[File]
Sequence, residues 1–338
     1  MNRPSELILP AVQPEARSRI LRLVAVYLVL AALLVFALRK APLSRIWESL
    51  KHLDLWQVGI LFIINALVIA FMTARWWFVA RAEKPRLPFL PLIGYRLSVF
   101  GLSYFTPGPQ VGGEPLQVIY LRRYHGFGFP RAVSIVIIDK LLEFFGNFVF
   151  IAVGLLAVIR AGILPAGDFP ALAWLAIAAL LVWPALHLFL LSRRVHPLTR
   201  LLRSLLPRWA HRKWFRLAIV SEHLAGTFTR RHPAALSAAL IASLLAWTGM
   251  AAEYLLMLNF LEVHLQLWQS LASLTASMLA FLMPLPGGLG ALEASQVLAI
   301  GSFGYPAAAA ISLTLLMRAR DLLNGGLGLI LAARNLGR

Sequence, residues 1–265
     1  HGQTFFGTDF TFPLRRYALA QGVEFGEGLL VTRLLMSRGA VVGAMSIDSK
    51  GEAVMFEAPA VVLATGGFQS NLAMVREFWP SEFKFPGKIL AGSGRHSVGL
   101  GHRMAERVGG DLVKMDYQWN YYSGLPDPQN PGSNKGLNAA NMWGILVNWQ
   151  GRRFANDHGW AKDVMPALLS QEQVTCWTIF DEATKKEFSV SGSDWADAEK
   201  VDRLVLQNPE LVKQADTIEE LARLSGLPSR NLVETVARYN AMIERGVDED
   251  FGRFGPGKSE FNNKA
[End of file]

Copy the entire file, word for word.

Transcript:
Sequence, residues 1–338
     1  MNRPSELILP AVQPEARSRI LRLVAVYLVL AALLVFALRK APLSRIWESL
    51  KHLDLWQVGI LFIINALVIA FMTARWWFVA RAEKPRLPFL PLIGYRLSVF
   101  GLSYFTPGPQ VGGEPLQVIY LRRYHGFGFP RAVSIVIIDK LLEFFGNFVF
   151  IAVGLLAVIR AGILPAGDFP ALAWLAIAAL LVWPALHLFL LSRRVHPLTR
   201  LLRSLLPRWA HRKWFRLAIV SEHLAGTFTR RHPAALSAAL IASLLAWTGM
   251  AAEYLLMLNF LEVHLQLWQS LASLTASMLA FLMPLPGGLG ALEASQVLAI
   301  GSFGYPAAAA ISLTLLMRAR DLLNGGLGLI LAARNLGR

Sequence, residues 1–265
     1  HGQTFFGTDF TFPLRRYALA QGVEFGEGLL VTRLLMSRGA VVGAMSIDSK
    51  GEAVMFEAPA VVLATGGFQS NLAMVREFWP SEFKFPGKIL AGSGRHSVGL
   101  GHRMAERVGG DLVKMDYQWN YYSGLPDPQN PGSNKGLNAA NMWGILVNWQ
   151  GRRFANDHGW AKDVMPALLS QEQVTCWTIF DEATKKEFSV SGSDWADAEK
   201  VDRLVLQNPE LVKQADTIEE LARLSGLPSR NLVETVARYN AMIERGVDED
   251  FGRFGPGKSE FNNKA